A Roman Phallic Terracotta Juglet, ca. 1st - 2nd century AD


This small juglet with disc foot, rounded body, the flared rim with pronounced pouring spout has a single handle applied between rim and shoulder. It was used to store perfumed oils, presumably of an erotic or medicinal nature because applied to the rim are four phalloi and a further seven can be found around the shoulder of the vessel.  Constructed from a gritty light-red fabric, traces of a thin, reddish yellow slip can still be found, particularly around the shoulder area. 

Considered the ultimate, most powerful source of protection and good fortune, the presence of eleven phalloi makes a determined statement calculated to provide religious and curative powers to the vessels contents.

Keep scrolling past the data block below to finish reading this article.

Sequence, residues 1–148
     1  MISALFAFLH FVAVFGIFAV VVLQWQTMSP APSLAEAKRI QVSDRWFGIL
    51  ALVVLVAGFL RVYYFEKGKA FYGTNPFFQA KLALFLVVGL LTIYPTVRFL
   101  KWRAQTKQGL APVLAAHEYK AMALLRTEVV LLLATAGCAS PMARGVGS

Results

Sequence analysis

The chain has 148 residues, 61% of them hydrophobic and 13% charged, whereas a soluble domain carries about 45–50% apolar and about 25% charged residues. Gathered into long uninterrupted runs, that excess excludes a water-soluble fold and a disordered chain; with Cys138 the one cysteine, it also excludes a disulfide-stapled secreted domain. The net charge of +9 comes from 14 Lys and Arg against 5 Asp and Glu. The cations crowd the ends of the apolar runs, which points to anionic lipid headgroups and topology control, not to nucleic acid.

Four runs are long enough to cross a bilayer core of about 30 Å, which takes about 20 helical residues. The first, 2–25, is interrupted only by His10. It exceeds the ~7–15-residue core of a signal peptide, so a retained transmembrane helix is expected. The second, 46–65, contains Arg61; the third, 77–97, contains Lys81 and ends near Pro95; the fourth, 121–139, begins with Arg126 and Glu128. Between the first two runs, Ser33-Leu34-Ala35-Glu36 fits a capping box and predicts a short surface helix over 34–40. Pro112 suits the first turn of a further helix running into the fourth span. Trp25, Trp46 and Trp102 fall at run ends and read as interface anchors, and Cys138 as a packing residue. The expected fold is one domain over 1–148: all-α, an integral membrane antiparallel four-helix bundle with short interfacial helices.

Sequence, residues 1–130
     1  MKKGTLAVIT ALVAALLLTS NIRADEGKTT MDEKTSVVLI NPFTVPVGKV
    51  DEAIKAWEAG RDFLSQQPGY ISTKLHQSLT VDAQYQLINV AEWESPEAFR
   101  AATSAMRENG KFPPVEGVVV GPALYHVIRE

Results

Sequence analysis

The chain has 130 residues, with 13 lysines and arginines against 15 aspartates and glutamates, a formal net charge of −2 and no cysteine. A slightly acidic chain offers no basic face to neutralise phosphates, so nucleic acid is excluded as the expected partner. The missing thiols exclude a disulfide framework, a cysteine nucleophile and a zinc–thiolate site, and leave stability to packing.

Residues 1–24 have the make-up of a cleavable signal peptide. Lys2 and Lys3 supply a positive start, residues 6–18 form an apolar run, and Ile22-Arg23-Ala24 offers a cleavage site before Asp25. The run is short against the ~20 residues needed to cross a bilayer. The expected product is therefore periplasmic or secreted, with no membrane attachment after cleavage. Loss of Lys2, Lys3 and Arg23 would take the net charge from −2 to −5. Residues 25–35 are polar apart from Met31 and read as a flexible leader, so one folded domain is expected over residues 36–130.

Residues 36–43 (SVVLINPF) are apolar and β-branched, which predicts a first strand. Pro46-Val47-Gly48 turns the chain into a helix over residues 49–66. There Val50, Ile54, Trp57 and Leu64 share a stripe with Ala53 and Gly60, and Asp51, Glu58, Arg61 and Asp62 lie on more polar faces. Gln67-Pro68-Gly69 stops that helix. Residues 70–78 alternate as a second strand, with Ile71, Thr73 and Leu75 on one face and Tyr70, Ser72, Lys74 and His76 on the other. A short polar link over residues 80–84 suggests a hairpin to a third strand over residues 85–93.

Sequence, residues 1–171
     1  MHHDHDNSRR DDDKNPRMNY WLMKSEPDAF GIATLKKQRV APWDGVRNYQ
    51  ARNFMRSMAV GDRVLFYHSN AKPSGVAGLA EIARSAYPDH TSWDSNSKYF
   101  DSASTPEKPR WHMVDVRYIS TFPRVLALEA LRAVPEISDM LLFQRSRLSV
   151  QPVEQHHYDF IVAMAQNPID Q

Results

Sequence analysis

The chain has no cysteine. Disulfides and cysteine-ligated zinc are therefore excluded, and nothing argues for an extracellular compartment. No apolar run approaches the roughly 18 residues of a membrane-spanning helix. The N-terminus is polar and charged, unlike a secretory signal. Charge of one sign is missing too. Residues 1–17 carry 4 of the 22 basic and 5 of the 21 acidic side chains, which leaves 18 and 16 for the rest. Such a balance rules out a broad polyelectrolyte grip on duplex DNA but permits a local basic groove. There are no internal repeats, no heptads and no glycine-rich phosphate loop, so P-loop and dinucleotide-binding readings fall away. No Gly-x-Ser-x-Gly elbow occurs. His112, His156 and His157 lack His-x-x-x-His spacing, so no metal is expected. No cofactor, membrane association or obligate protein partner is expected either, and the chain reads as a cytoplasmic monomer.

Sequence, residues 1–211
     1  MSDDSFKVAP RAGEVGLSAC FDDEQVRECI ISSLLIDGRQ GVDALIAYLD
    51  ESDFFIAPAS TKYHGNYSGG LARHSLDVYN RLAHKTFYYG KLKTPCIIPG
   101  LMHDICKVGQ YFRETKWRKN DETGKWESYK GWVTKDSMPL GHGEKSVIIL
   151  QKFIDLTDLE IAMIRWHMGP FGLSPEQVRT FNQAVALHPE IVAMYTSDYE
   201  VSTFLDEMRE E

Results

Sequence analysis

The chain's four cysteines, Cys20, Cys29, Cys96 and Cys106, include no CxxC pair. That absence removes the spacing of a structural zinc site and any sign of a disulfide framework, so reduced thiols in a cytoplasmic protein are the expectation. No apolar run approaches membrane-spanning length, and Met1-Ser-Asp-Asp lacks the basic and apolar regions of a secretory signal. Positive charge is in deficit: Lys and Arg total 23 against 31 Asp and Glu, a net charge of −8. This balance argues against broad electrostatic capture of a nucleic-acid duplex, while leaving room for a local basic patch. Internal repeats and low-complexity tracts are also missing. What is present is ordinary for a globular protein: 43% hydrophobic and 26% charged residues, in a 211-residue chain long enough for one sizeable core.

Moser, Claudia, (2006) "Naked Power: The Phallus as an Apotropaic Symbol in the Images and Texts of Roman Italy". Undergraduate Humanities Forum 2005-6: Word & Image. 11.

Slane, K., & Dickie, M. (1993). A Knidian Phallic Vase from Corinth. Hesperia: The Journal of the American School of Classical Studies at Athens, 62(4), 483-505.

Condition: The vessel is intact and in excellent condition overall.

Dimensions: Height: 3 1/4 inches (8 cm)

Provenance: The Erotica Collection of Christian von Faber-Castell, Küsnacht, Zürich, Switzerland, since the late 1970s. Accompanied by Art Loss Certificate S00079732 15.10.2013

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